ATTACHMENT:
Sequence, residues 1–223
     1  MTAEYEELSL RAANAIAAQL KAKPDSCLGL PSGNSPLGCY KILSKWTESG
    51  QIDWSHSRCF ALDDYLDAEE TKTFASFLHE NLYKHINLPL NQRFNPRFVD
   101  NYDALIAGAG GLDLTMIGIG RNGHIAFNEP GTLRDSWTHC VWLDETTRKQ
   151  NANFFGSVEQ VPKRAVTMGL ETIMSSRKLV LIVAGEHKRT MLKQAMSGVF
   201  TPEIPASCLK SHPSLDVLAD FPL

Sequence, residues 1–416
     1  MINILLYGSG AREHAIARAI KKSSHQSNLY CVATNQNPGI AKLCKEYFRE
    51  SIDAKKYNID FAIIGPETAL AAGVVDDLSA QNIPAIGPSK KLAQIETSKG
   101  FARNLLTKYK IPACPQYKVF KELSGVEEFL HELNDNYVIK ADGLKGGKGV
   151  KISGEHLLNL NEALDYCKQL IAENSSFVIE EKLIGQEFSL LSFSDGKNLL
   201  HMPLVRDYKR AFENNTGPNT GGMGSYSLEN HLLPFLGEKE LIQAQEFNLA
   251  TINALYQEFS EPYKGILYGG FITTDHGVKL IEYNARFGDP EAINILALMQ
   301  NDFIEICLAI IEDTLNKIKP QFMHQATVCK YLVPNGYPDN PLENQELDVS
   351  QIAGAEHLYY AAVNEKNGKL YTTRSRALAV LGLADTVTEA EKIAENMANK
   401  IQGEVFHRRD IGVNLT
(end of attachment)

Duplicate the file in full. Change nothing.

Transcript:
Sequence, residues 1–223
     1  MTAEYEELSL RAANAIAAQL KAKPDSCLGL PSGNSPLGCY KILSKWTESG
    51  QIDWSHSRCF ALDDYLDAEE TKTFASFLHE NLYKHINLPL NQRFNPRFVD
   101  NYDALIAGAG GLDLTMIGIG RNGHIAFNEP GTLRDSWTHC VWLDETTRKQ
   151  NANFFGSVEQ VPKRAVTMGL ETIMSSRKLV LIVAGEHKRT MLKQAMSGVF
   201  TPEIPASCLK SHPSLDVLAD FPL

Sequence, residues 1–416
     1  MINILLYGSG AREHAIARAI KKSSHQSNLY CVATNQNPGI AKLCKEYFRE
    51  SIDAKKYNID FAIIGPETAL AAGVVDDLSA QNIPAIGPSK KLAQIETSKG
   101  FARNLLTKYK IPACPQYKVF KELSGVEEFL HELNDNYVIK ADGLKGGKGV
   151  KISGEHLLNL NEALDYCKQL IAENSSFVIE EKLIGQEFSL LSFSDGKNLL
   201  HMPLVRDYKR AFENNTGPNT GGMGSYSLEN HLLPFLGEKE LIQAQEFNLA
   251  TINALYQEFS EPYKGILYGG FITTDHGVKL IEYNARFGDP EAINILALMQ
   301  NDFIEICLAI IEDTLNKIKP QFMHQATVCK YLVPNGYPDN PLENQELDVS
   351  QIAGAEHLYY AAVNEKNGKL YTTRSRALAV LGLADTVTEA EKIAENMANK
   401  IQGEVFHRRD IGVNLT